One way to do this is to either set up a ''starting goal'' which leads to a plot twist which shows that there is more to do. Ie. Rescue princess. You rescue the princess and find out that there is a plan to kill the king. You save the king and ... So that each goal leads into another part of the story.

Or to have a game where the player is sent in to investigate and find out what is going on.

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i donno if this is entirely relevant to the topic but has anyone ever played xenogears?

That game kicks ass. You go through the first disk and it just seems like ok, this game is ''aight. They''ve got mechs and stuff i guess that''s ok. The plot doesn''t seem too interesting. And then suddenly and without warning: BAM! Fucking huge plot twist punches you in the face. Everything you may have thought was true turned out to be a lie. What you thought was at first a poorly or lazily developed story actually makes sense all at once. For me, at that very instant, xenogears went from an average RPG to the best RPG on psx.

I wish there was someone here that has played that game all the way through. I donno if this type of thing falls in one category or the other or if it''s its own thing.

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I tend to agree with the first poster, to a point. Storytelling in games is improving a great deal, and I believe that advances in technology have driven that change. It''s no longer the case that you have to tell the game''s entire plot in the manual because the computer you''re programming has 16k of memory and you''ve got to try to fit the actual game into that. The popularisation of CD as a storage medium meant that developers could pack their games full of pre-rendered FMVs, and graphics technology is now so advanced that we get loads of in-engine cutscenes.

These advances have allowed developers to use increasingly complex methods of storytelling - still nothing hugely complex, but better than it used to be. Certainly these days it''s rare to get a plot-based game where there isn''t some kind of twist or development as the game progresses (if anyone can think of one, though, I''d be interested to hear it.) I can''t imagine playing a modern game where I know the entire story at the beginning and nothing changes throughout - I get the feeling it would bore me to tears.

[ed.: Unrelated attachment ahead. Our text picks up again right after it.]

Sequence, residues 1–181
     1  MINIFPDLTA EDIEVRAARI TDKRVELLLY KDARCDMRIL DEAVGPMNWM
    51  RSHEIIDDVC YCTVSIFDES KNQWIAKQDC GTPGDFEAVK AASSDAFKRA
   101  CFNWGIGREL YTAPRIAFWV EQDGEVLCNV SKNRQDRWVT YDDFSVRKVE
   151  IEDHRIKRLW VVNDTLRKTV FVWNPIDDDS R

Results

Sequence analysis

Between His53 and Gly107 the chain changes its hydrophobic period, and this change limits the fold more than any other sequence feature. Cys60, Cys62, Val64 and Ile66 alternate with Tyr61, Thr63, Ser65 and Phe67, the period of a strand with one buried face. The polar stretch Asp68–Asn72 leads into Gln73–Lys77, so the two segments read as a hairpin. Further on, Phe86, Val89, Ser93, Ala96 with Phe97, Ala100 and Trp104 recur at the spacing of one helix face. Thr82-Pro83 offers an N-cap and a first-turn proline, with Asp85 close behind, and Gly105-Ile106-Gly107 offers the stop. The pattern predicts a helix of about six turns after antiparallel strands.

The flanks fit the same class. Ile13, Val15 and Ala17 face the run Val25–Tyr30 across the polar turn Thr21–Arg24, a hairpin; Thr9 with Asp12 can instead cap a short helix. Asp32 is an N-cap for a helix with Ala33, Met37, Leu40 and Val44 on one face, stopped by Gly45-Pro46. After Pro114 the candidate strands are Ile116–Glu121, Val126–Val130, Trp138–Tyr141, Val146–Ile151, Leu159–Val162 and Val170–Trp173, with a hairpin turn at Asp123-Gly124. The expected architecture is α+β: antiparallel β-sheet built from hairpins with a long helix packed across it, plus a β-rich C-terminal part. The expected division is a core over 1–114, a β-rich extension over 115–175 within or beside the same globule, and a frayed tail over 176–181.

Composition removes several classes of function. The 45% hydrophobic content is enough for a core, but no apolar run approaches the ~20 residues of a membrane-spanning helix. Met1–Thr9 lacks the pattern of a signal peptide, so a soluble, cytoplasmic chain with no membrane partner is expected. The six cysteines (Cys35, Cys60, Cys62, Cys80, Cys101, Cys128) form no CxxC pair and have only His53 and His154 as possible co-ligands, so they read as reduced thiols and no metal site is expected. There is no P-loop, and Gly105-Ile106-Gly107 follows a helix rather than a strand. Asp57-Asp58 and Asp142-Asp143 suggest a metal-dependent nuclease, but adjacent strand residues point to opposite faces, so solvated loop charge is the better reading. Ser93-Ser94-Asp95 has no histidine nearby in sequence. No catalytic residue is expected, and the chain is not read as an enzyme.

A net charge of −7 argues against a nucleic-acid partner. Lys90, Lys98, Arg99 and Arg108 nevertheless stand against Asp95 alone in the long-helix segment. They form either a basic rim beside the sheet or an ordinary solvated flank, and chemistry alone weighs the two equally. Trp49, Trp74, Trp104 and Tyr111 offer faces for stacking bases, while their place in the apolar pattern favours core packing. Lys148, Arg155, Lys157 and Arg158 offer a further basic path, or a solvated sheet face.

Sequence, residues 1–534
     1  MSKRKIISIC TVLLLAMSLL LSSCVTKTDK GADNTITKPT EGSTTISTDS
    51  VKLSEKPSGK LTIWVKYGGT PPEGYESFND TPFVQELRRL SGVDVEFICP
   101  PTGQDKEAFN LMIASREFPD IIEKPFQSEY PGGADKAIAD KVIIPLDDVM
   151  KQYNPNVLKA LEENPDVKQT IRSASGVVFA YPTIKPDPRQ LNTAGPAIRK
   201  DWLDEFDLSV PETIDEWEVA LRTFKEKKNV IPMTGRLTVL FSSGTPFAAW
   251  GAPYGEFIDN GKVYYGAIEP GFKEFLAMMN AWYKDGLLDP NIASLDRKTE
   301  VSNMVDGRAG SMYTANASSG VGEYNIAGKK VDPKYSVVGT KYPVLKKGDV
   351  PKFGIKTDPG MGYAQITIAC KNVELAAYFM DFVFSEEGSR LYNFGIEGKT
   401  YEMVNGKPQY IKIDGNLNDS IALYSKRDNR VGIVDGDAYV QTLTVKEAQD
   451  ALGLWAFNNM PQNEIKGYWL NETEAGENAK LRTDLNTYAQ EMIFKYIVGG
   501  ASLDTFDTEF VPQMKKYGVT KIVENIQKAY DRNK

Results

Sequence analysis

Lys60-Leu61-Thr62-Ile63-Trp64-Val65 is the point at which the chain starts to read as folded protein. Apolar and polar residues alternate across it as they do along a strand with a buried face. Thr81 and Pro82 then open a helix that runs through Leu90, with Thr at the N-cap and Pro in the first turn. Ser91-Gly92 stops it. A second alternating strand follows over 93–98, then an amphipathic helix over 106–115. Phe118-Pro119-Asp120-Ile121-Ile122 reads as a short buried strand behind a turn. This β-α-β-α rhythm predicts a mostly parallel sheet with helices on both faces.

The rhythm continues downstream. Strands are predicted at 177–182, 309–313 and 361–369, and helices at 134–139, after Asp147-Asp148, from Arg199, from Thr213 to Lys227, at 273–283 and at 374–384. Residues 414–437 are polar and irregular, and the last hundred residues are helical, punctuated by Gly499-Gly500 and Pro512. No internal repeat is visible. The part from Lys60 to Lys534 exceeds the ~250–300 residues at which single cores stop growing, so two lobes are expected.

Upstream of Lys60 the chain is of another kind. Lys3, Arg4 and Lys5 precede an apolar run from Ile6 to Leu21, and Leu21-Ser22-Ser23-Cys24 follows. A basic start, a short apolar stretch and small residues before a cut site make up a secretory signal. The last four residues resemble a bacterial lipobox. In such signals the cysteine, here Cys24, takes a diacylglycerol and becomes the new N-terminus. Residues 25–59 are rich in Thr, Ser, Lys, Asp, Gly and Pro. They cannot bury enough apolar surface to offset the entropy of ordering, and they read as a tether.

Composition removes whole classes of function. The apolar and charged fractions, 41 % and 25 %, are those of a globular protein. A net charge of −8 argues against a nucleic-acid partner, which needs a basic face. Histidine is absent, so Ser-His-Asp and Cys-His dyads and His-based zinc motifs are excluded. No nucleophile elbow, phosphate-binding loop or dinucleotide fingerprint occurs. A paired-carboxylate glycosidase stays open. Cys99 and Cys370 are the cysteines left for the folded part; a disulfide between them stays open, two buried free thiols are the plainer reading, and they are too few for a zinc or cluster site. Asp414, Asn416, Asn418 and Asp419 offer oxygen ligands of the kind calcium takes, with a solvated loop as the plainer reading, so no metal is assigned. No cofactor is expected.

Boolean wrote:

quote:
How many times have you watched an action movie, and even though you know for a FACT that the bad guy will get his ass kicked by the good guy at the end, you still find yourself watching the movie. The reason is that you want to find out HOW they get to that final goal.


True. However, I''d rather see something like The Usual Suspects, which tells us the ending first, then goes back to the beginning, and still manages to have a huge twist. A game that took the storytelling form of that film would be incredible.

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quote:
Original post by Alf_Fly
I tend to agree with the first poster, to a point. Storytelling in games is improving a great deal, and I believe that advances in technology have driven that change. It''s no longer the case that you have to tell the game''s entire plot in the manual because the computer you''re programming has 16k of memory and you''ve got to try to fit the actual game into that. The popularisation of CD as a storage medium meant that developers could pack their games full of pre-rendered FMVs, and graphics technology is now so advanced that we get loads of in-engine cutscenes.



I disagree with technology improving storyline. I think it does the opposite and they are in opposition with each other. I suggest you read this article

Dogma 2001: A Challenge to Game Designers
http://www.google.com/search?hl=en&ie=UTF-8&oe=UTF-8&q=dogma+2001

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You disagree entirely with the notion that improved technology can help improve storytelling in games? To me, that sounds like saying that the invention of recorded sound didn''t improve cinema.

I mean, don''t get me wrong; I believe it''s entirely possible to tell a gripping and involving story with minimum technology. In fact, my favourite game of all time is Photopia by Adam Cadre, a freeware text adventure (although some might argue that Photopia isn''t really a game since it only provides a simulation of choice rather than any real choices). But in my personal opinion, a storyline delivered in a series of on-screen speech bubbles by a low-res, 4-colour sprite would almost certainly lack the impact of a storyline delivered in a fully-voiced, real-time rendered cutscene with cinematic camera effects, post-image processing and orchestral soundtrack. A good story isn''t just dependant on the quality of the plot; it''s also dependant on the way that the story is told.

It would be naive to say that the industry doesn''t still have a lot to learn about storytelling. The move towards "cinematic" games - in other words, games with massive, non-interactive cutscenes - is to me less welcome than games like Half-Life, which take a relatively flimsy plot and deliver it in a way only possible with an interactive medium such as gaming. But I would still argue that methods of storytelling have improved, and that these improvements have been driven by advances in technology.